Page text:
The War of Return

Adi Schwartz and Einat Wilf; Eylon Levy (trans.)

  • Review
By – August 13, 2020

What is a refugee? Who decides? What are refugees’ rights? Who deter­mines them?

These and oth­er sharply debat­ed ques­tions under­pin this riv­et­ing new book by two artic­u­late Israelis with a strong set of view­points on the sub­ject. Orig­i­nal­ly writ­ten in Hebrew, The War of Return quick­ly became a best­seller in Israel when it was pub­lished there last year. The Eng­lish trans­la­tion is cer­tain to con­tin­ue to fan the flames of the seem­ing­ly implaca­ble fires that con­tin­ue to rage through­out Mid­dle East­ern soci­ety and influ­ence the polit­i­cal land­scape worldwide.

In a clear­ly artic­u­lat­ed argu­ment, the book posits that the one most crit­i­cal issue fuel­ing the con­fla­gra­tion is the Pales­tini­ans’ demand for what is called the right of return. This claim is based on the Law of Return in Israel, a prac­tice that gives Jews of all nations the right to Israeli cit­i­zen­ship. Based on this legal con­cept, the Pales­tini­ans have demand­ed their own right of return to the State of Israel. The authors claim that the prob­lem that has con­tin­u­al­ly stalled the peace process is the insis­tence of the Pales­tini­ans to return to Israel and cre­ate a polit­i­cal major­i­ty there, liv­ing togeth­er with Jews but offer­ing them no right of self-determination.

Ari Schwartz, an inter­na­tion­al­ly known jour­nal­ist, and Einat Wilf, a for­mer Israeli politi­cian and Labor MP, are no strangers to the kind of debate this book is like­ly to spark. Both are open sup­port­ers of the polit­i­cal left and share a deeply held desire for peace through a two-state solu­tion. The authors blame the Unit­ed Nations for legit­imiz­ing what they call the Pales­tini­ans’ non-exis­tent right of return, and method­i­cal­ly argue that the only road to peace begins with the inval­i­da­tion of this rul­ing. The Pales­tin­ian claim to a right of return, they insist, has no basis in inter­na­tion­al law.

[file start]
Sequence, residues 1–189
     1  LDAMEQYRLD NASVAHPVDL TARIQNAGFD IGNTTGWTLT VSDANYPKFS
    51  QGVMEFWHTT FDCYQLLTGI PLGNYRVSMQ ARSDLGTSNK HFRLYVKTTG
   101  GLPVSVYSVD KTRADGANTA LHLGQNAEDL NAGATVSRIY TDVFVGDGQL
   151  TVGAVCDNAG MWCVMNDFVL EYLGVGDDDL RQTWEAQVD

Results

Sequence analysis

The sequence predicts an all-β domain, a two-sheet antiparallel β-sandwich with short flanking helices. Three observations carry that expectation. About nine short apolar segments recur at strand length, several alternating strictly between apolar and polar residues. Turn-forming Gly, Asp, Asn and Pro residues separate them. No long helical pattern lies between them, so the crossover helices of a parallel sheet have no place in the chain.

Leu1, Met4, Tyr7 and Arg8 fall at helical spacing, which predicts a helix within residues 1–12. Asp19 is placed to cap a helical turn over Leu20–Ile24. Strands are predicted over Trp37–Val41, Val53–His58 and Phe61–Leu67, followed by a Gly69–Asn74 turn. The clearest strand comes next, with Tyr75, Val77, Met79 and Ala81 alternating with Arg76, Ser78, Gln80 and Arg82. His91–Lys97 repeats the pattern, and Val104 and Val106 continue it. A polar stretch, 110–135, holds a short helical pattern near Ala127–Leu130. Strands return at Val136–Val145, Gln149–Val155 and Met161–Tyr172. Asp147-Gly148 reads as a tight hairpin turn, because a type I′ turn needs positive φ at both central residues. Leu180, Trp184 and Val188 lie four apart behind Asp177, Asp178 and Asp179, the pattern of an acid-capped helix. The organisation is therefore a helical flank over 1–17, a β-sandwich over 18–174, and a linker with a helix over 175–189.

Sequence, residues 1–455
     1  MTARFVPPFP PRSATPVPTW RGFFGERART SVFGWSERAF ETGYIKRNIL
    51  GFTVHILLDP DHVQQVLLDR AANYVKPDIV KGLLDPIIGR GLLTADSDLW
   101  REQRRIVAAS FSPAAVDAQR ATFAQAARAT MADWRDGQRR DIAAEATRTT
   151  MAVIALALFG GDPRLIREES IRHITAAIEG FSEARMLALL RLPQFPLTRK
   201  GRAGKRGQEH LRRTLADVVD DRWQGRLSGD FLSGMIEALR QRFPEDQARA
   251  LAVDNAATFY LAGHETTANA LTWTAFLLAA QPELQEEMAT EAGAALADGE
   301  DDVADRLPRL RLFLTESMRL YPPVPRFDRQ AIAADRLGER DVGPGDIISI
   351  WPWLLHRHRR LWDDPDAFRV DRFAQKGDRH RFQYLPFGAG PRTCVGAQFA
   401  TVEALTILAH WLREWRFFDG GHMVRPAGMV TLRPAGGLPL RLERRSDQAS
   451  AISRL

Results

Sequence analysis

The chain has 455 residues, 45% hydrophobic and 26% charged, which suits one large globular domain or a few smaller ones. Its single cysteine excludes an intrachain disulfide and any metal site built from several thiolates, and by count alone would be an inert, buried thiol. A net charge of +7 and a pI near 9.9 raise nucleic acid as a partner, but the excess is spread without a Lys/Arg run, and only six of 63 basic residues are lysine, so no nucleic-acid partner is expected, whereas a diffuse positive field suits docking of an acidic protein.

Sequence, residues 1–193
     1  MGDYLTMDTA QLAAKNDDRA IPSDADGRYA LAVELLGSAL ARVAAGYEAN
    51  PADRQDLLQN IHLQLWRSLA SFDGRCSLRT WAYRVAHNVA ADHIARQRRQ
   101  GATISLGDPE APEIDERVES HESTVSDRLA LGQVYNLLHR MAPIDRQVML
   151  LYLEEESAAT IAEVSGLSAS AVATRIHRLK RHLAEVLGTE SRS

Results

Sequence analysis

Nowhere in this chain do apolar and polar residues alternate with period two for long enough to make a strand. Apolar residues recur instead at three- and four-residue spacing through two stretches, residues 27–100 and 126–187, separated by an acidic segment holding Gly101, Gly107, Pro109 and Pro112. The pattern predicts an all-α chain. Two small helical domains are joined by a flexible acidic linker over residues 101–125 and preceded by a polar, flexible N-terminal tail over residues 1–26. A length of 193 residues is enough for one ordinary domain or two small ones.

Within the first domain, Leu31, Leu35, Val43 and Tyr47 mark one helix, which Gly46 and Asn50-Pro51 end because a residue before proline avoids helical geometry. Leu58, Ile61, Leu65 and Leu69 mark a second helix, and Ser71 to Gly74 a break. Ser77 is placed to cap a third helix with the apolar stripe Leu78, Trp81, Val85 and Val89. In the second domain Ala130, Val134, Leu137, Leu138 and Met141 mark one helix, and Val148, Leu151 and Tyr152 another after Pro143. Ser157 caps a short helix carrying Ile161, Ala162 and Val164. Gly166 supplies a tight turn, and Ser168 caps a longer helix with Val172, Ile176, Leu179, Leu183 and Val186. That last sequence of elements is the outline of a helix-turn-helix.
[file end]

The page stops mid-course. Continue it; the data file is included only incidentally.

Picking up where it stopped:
Schwartz and Wilf argue that the Pales­tini­ans are not actu­al­ly refugees, but rather cit­i­zens of neigh­bor­ing states in the Mid­dle East, coun­tries in Europe, and the Unit­ed States. Most, they say, were born in Jor­dan and have lived there their entire lives. The UN, how­ev­er, has giv­en them refugee sta­tus, claim­ing that since they are descend­ed from dis­placed Pales­tini­ans, they deserve to be con­sid­ered refugees themselves.

With deft chrono­log­i­cal orga­ni­za­tion, Schwartz and Wilf explain how the focus of the refugee camps and cul­ture set up for the dis­placed Pales­tini­ans went from basic needs — such as food, cloth­ing and hous­ing — to one of polit­i­cal estrange­ment. They also show, through well-sourced doc­u­ments, that the Pales­tini­ans’ claim is dif­fer­ent from that of all oth­er refugees else­where in the world. Of the count­less groups of peo­ple who were dis­placed after World War II, none but the Pales­tini­ans are still reg­is­tered as refugees.

This pur­pose­ful book — made com­plete with a bib­li­og­ra­phy, detailed notes, and a com­pre­hen­sive index — is writ­ten in a clear, acces­si­ble style and aimed at ordi­nary cit­i­zens rather than pol­i­cy and law­mak­ers. Its orga­ni­za­tion makes it easy to fol­low the authors’ intel­lec­tu­al, moral, and philo­soph­i­cal argu­ments, which are set out with pas­sion but control.

Lin­da F. Burghardt is a New York-based jour­nal­ist and author who has con­tributed com­men­tary, break­ing news, and fea­tures to major news­pa­pers across the U.S., in addi­tion to hav­ing three non-fic­tion books pub­lished. She writes fre­quent­ly on Jew­ish top­ics and is now serv­ing as Schol­ar-in-Res­i­dence at the Holo­caust Memo­r­i­al & Tol­er­ance Cen­ter of Nas­sau County.

Discussion Questions